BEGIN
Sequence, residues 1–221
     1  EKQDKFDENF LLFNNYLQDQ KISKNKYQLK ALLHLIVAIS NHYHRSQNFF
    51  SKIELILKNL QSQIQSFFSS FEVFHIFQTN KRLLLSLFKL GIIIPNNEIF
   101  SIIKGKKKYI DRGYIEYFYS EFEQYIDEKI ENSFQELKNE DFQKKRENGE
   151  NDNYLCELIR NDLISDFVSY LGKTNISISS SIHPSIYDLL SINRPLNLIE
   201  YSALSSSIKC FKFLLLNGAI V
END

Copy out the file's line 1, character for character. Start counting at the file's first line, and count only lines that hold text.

Sequence, residues 1–221